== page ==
I'm very happy to say that the aforementioned ride to and from Bahia Drake did wonders for my ridding confidence in terms of getting rid of the demons I had been carrying since my one bad fall and subsequent numerous falls trying to get up the mountains on the way to Miraflores in Nicaragua. It seems very appropriate that my demons should disappear right around the same time that the bruise on my thigh is hardly visible any more.
We've been on the road 35 days now and it is really amazing for me to sit down and really take stock in all the adventures we have already had, fantastic places we've been, and all the great people we have already met. At this pace, it seems to me that by the end of this trip, we will have lived a kind of "second life" all it's own.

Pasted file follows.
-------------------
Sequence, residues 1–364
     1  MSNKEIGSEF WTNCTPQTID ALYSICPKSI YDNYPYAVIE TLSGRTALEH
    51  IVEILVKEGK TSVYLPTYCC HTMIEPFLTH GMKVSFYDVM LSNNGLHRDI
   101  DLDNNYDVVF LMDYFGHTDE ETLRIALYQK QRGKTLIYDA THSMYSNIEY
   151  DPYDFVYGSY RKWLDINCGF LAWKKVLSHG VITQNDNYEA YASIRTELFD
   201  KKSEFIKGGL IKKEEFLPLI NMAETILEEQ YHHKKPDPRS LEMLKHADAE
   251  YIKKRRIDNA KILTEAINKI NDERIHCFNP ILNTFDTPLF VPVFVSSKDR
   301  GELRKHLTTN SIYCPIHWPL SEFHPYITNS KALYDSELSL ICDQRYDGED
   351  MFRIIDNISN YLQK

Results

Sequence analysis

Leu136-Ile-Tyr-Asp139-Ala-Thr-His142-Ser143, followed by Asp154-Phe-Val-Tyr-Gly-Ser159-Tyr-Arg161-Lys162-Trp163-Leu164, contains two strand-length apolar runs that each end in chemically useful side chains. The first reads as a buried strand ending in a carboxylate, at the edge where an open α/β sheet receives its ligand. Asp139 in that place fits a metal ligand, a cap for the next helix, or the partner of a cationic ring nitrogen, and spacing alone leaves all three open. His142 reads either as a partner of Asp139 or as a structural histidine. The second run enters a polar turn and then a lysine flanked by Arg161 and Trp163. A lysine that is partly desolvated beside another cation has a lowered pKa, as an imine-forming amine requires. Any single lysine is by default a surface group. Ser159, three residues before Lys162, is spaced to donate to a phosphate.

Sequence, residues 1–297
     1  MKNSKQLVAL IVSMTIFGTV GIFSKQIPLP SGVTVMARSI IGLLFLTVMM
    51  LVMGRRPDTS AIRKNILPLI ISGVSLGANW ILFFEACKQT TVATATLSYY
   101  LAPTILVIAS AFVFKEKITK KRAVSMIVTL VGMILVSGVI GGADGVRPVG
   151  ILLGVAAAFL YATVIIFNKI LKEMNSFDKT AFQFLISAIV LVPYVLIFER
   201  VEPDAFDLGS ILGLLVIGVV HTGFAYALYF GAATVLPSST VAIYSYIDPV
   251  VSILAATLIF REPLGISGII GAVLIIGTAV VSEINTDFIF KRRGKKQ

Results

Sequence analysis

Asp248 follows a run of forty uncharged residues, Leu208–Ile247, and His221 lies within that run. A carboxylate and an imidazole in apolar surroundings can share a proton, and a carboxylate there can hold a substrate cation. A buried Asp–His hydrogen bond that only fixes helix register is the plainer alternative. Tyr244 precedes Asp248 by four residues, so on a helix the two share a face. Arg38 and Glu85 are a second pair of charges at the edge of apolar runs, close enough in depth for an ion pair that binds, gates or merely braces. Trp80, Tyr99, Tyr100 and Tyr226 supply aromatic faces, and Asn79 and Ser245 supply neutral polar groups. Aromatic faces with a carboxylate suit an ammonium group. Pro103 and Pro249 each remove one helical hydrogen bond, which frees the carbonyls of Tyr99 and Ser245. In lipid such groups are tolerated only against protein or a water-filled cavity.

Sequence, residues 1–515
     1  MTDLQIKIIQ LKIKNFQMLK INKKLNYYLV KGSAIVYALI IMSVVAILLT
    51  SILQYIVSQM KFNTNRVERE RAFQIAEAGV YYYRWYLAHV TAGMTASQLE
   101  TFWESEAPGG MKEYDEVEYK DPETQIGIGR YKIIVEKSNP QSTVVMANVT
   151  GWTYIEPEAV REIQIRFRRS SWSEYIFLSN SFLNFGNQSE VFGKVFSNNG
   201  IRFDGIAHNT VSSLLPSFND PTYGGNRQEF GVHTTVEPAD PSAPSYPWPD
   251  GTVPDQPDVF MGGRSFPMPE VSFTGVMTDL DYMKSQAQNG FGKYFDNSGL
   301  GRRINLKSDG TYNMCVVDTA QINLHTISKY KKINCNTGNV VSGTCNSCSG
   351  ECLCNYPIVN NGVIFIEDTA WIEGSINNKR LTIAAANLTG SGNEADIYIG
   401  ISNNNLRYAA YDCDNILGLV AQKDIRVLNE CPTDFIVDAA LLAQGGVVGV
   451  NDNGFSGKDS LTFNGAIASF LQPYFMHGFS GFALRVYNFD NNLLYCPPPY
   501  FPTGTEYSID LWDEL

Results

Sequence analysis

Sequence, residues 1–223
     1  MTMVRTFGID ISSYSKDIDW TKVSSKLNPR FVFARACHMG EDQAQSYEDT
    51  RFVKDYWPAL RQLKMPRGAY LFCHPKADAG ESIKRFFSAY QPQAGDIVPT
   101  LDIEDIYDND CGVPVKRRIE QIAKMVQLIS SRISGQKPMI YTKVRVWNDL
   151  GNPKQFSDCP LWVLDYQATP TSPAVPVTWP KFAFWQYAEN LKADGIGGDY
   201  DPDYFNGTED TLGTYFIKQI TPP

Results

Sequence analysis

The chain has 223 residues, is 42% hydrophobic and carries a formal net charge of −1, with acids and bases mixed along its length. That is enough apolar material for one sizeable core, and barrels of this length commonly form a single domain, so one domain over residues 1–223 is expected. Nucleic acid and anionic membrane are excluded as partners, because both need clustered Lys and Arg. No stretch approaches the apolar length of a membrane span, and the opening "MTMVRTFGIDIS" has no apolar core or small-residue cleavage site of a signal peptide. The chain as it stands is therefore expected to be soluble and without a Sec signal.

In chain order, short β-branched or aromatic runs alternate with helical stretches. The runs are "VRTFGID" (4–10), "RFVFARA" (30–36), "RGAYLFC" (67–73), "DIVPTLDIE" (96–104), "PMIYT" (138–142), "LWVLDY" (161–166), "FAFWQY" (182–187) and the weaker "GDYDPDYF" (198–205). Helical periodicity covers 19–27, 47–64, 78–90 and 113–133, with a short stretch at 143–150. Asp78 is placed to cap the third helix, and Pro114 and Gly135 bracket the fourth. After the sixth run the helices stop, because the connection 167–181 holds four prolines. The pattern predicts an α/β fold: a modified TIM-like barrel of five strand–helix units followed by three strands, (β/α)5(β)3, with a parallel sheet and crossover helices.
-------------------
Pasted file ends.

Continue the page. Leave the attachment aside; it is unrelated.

So, once again, in the interest of sharing more than stories and helping everyone really appreciate what we've been up to, I will share some more pictures from our travels. First, this is the little slice of heaven where we are staying.
Also, I want to give a shout-out to my "mamita" and my brothers, I love you guys and I miss you, and once again warmly thank Pepe and Maria Eugenia for letting us crash at their place.
Costa Rica Who?
We are in Boquette, Panama at our friends Pepe and Ma eugenia house. It is a gorgeous house bought from a developer that was going under.
However the house has one minor problem, it is infested with killer bees.
Yes, those same killer bees we were terrified of when we were younger, along with Sasquatch, UFO's, and (he Loch Ness Monster.
Pepe warned us not to sleep upstairs as the bees are in the eaves. He also warned that motorcycle engines get them riled up. Talk about not looking a gift horse in the mouth!
There are dead birds strewn on the deck, apparently the handiwork of the new unwelcome guests according to our new friend Lucchini, the local looking after the property.